So far so good. The reactions to the movie have been great. I think it was really important for me to make a good feature film on my own, so that I can show people what I am able to do for basically no money.
And now, hopefully, if the movie does well with its release, I'll be able get some help in the future. I'm at a point where having a manager and a producer to collaborate with would make a world of difference for the next projects.
WC: At Wes, you majored in history, government and theater, and went on to study dramatic writing at Tisch School of the Arts. How did this influence your career in filmmaking? Did you know from the start you wanted to make movies?
I don't think I knew I wanted to pursue film until probably my last semester at Wesleyan. Maybe even the last few weeks! I changed so much in those four years! The main thing was that I had professors and friends at Wes who were supportive of the fact that I kept changing in what I wanted to study and pursue.
Also, the theater department at Wes was very much a community and I found that really inspiring. It felt like every week a new show was going up and everyone pitched in. I loved that. You learned to not be afraid to ask for help or to try a role you hadn't done before. I think that stayed with me most and it really helped me at NYU. When I started at Tisch, I didn't have much background in filmmaking and so I I knew I would only be as good as the team I could build around myself. So I was always looking to collaborate while I was there and was absolutely not afraid to engage new people. All of those collaborations continue through today and have made all my movies possible.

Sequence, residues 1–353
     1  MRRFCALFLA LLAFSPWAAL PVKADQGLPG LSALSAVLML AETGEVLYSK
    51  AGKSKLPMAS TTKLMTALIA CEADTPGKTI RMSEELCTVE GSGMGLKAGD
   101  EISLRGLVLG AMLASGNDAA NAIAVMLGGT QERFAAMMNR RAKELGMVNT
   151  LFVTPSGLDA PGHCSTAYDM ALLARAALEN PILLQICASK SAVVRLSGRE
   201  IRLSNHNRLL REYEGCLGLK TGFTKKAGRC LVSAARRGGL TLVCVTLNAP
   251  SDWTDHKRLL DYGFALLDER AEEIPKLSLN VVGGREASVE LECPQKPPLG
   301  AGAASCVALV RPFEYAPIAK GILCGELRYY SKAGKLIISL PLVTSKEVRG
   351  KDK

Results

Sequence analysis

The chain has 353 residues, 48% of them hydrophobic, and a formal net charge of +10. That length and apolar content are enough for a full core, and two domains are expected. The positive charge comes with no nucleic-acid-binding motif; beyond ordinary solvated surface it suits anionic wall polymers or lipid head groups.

WC: Have you ever collaborated with other Wesleyan alumni?
All the time. Woodwyn Koons '97 is one of the best actors I've ever met and so I always called her to act in my films and do readings. Alek Lev '97 edited almost all of my short films. And Domenica Cameron Scorsese '98 and I were close at Wes and ended up studying at Tisch together too. I've shared every script I've ever written with her and she always in about an hour can tell me how to re-imagine it in a much smarter way.
More recently, I leaned on my good friend Casey Feldman '12 and his brother Ted '10
for much of the music in my movie. They both started bands while at Wesleyan and I really lucked out because their songs are so good and lift the movie. Ted's band Bear Hands is releasing a new album and touring now.
WC: What is your favorite memory of Wes?
One quick funny thing… I have to admit I spent WAY TOO much time in the library while I was there. It took me a long time to learn how to be more efficient with my studying. That leads to my Spring Fling story from frosh year. I was in Olin in the periodicals room - probably the only person there - and P-Funk started playing and I could see the craziness out the window and I finally packed up and went outside. I wandered toward the crowd and just remember feeling like a deer in headlights. It was so funny. I bumped into a few of my friends and stayed. I think they played Give Up the Funk for half an hour. That was so much fun.